Fast forward to 2018 and multiple meta analyses (e.g., here and here) found that strength training improves economy of motion for endurance athletes from many sports, including running - both moderately and highly trained distance runners - and that the effect is most prominent for maximal-force training and less, but still significant, for maximal-power training. What this means is that a slow, maximum effort is the most effective approach. Again, avid listeners of SOUP may recall Dr. Keith Baar in episode 58 explaining that even a single set is effective and sufficient to strengthen the connective tissue linkages within muscle. Stronger linkages from the muscle cell proteins, like dystrophin, to the extracellular collagen-based matrix results in more effective tension development throughout the muscle. Slow, heavy resistance does this while reducing stiffness in the muscle end of the tendon. When we lift heavy, there is a huge amount of stress between the fibers of the muscle, and this causes the muscle to reinforce the connections between fibers making the extracellular matrix (muscle connective tissue) in the muscle stiffer. At the same time, similar shear forces in the tendon cause the collagen fascicles to slide relative to each other breaking crosslinks and decreasing stiffness at the muscle end of the tendon. The result is a decrease in tendon stiffness, but an increase in muscle stiffness. We think that this decreases muscle injury while maintaining very good energy return.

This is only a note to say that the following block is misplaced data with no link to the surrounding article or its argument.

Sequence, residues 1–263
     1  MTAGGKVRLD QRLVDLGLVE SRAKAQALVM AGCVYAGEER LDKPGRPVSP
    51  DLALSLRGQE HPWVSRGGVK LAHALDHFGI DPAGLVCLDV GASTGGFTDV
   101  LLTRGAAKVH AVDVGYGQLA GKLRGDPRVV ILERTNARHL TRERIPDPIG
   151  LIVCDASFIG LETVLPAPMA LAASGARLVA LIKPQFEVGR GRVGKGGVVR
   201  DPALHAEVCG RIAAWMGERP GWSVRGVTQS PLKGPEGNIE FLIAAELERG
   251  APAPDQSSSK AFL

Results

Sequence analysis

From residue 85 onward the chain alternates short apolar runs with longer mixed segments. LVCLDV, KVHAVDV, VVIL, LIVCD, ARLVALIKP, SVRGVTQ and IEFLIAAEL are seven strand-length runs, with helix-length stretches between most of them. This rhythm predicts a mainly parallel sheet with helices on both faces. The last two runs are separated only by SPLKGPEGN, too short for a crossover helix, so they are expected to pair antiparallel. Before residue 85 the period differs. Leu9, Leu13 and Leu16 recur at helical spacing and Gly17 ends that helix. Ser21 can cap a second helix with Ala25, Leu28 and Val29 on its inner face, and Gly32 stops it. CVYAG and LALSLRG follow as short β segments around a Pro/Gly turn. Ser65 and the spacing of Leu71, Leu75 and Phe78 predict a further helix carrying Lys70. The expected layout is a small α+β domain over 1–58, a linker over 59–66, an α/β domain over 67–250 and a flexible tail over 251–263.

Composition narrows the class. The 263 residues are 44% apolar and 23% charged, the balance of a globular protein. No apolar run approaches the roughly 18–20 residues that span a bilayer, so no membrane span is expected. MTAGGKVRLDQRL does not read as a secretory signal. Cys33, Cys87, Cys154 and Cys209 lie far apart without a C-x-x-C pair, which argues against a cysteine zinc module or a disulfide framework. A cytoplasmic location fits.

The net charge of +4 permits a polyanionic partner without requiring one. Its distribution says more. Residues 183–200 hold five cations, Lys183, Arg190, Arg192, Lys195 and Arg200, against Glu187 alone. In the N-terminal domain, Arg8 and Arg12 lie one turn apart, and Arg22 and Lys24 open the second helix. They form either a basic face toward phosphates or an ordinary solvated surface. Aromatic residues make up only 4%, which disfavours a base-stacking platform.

If you’ve not been doing weight training, then start with lighter resistance and don’t go all the way to failure until you see how your body is responding and how sore you get. We don’t want excessive soreness, especially when starting out. My athletes who haven’t been doing resistance training might spend the first 2-3 weeks doing one set of squats with 20 repetitions 3-5 days per week using a resistance that causes them to just begin feeling a light leg burn by the end of the set.